Music Reviews



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Artist: FELSENREICH (@)
Title: Am Ende der Zeit...
Format: CD
Label: Expander Records
Distributor: Triton
First full length release for this German quintet, after the 1999 EP "The Death is Behind You" and the compilation appearance "The Wisdom" in the Astan music magazine sampler. Felsenreich play mildly complex goth-rock with some symphonic arrangements here and there (see the eponymous track, opening and closing the work); the voice has some Bauhaus resemblance, while the music is more in the vein of Garden of Delight. I can say they're good musicians and I guess it's a well done work for its own genre, but honestly, I haven't been thrilled at all by their performance. Plus the programmed drumming doesn't fit with the more aggressive and rocking tracks, giving them a bad "plastic-sound". I really think they should give a more definite identity to their sound, as ideas and technics are good, but still out of focus. Or possibly it's only a problem of mine with goth-rock...
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Artist: Psyche (@)
Title: Endangered Species
Format: CD
Label: ArtOfFact Records (@)


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This is a club heavy collection of Psyche tracks and remixes including a remix of "Goodbye Horses". The first track on this release to grab my attention is "Memento" which starts out with a Depeche Mode like bass grind. It's got a nice groove to it and a dark synthpop feel to it combined with the smooth vocal harmonies Psyche are known for. The mix of "The Hiding Place" on this disc is doen by Massiv In Mensch with the influence of the bouncey dance beats with heavy technology and slight trance feel like their latest album Die Rein. This is a very nice track indeed as it features two of ArtOfFact Records top bands coming together. The first mix of Renegades sounds like a live mix (or at least it has lots of crowd noise on the intro). It's begins with piano but quickly moves into a thumping deep dub rhythm.
The track I found most interesting is the Tokyo Club Mix of "Goodbye Horses" as the original had some interesting melodies but this club mix takes the song to a completely new level. There's just something about the beat of that single that screams gay disco but I love it anyway.
Dropping the pace quite a bit and modifying the overall tone and structure the song "Eleven" reminds me of Art of Noise when ambient. That's the only way I know how to explain it. It has that same pipe-like sound combined with ambient piano and environmental textures. A beautiful piece! This is probably my next favorite next to "Goodbye Horses" though they change the entire song about midway through as it evolves into a much more upbeat rhythm and percussion thing with a choral sound added in then replaced by a nearly standard techno drive. This is a very intersting mix of styles and textures and completely unexpected. I like surprises (5 points guys).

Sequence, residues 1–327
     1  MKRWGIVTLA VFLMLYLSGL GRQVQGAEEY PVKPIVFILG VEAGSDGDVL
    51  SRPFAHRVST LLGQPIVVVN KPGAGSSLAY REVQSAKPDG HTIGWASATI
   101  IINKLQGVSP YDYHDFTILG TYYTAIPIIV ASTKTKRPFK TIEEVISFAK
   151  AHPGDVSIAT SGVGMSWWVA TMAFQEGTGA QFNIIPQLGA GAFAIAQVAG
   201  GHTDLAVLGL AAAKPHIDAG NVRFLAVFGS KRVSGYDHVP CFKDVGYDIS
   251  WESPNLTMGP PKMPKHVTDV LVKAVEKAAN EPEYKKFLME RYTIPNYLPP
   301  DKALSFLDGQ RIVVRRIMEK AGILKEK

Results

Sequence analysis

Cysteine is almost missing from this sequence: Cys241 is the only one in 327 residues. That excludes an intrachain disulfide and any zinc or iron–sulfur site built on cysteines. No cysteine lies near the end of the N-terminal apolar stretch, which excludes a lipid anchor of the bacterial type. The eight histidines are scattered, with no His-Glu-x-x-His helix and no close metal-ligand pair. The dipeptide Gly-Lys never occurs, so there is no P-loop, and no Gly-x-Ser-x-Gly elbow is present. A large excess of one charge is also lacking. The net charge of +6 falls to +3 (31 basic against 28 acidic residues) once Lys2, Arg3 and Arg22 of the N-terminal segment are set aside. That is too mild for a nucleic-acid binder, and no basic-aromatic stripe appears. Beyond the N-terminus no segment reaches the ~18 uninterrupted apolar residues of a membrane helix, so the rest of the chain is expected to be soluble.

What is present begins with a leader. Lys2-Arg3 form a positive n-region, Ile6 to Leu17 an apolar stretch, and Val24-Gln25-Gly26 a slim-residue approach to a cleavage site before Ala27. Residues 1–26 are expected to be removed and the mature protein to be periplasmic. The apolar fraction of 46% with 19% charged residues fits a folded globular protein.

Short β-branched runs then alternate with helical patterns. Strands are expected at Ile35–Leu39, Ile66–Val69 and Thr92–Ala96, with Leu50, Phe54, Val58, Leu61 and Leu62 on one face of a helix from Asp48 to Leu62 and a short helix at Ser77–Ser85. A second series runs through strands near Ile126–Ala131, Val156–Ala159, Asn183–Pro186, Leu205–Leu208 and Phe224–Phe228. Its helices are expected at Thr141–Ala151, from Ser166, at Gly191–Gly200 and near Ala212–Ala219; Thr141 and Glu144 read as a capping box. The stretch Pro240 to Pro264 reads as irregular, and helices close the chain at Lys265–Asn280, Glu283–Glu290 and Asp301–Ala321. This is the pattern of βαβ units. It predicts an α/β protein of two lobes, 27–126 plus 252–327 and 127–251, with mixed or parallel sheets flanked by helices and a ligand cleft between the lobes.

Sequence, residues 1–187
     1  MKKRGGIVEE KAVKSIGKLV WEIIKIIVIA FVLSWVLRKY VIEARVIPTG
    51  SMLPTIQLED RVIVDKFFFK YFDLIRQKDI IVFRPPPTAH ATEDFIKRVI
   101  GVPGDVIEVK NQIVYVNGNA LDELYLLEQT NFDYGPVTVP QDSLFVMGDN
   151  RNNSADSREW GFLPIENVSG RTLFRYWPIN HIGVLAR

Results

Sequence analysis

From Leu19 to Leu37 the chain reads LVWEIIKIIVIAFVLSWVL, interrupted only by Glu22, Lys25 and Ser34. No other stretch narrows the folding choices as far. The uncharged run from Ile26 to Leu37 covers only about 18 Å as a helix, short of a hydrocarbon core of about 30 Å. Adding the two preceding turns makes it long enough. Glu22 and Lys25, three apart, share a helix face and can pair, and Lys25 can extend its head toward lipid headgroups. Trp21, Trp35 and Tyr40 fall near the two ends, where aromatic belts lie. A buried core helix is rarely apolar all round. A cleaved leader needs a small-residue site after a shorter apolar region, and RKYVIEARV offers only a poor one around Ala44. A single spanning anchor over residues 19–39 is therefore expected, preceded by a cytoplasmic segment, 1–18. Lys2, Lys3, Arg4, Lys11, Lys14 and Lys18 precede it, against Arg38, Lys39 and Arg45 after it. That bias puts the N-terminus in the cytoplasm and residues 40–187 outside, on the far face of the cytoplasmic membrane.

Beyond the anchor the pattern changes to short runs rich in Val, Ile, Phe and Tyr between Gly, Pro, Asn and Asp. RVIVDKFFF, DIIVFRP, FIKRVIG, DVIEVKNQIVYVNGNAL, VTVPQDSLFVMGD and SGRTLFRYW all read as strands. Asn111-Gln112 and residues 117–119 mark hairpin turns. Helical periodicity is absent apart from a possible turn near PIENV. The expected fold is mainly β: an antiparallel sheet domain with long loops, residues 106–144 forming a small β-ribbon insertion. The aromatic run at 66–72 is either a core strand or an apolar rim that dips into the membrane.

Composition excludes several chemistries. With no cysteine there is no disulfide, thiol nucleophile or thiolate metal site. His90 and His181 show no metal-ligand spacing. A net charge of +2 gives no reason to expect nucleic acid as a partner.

The original version of "Damaged Soul" I think is clear enough and outshines the mixes. Lastly, I don't know what that synth effect is on "Prisoner To Desire" but I love it. The vocals at the beginning sound so 1980's though. Of course it was done in 1987 but included here anyway so I guess it's forgiven as it is still interesting if not a bit confusing.
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Artist: Butterfly Messiah (@)
Title: Priestess
Format: CD
Label: Fossil Dungeon (@)
Distributor: Fossil Dungeon


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Butterfly Messiah are an amazing duo from Tampa whose music combines strong Darkwave and Ethereal elements with Industrial and dance music to create an otherworldy and dark sound. The members are also openly pagan and their views are evident in their music as well. The CD is, I think, the first official release by the band released on Fossil Dungeon. The CD jewel case has a silver mirror like look to the inside where the disc sits as does the disc itself and a beautiful yet dark insert booklet complete with band photos and lyrics.
From the first time I heard Butterfly Messiah as was at least as impressed with them as I was The Changelings except their music also combined cold electronics with lush ethereal qualities and dark spirituality. This release opens with a track from their demo EP Synthesis called "Land Beneath the Waves" but this is the only previous track you'll find on this release that I am aware of. All the other tracks are brand new for this CD however the first track does sound a bit cleaned up in the studio.